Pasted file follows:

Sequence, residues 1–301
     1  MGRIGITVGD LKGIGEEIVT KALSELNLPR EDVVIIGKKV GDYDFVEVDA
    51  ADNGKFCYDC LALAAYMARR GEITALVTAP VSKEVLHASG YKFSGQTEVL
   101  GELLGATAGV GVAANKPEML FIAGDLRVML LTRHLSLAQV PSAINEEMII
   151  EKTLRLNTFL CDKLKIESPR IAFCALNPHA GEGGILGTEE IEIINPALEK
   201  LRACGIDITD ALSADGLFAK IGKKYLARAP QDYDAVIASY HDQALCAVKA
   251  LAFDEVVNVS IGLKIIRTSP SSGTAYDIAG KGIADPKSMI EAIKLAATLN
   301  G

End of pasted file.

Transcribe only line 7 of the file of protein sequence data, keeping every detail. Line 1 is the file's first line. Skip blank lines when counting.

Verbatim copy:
   251  LAFDEVVNVS IGLKIIRTSP SSGTAYDIAG KGIADPKSMI EAIKLAATLN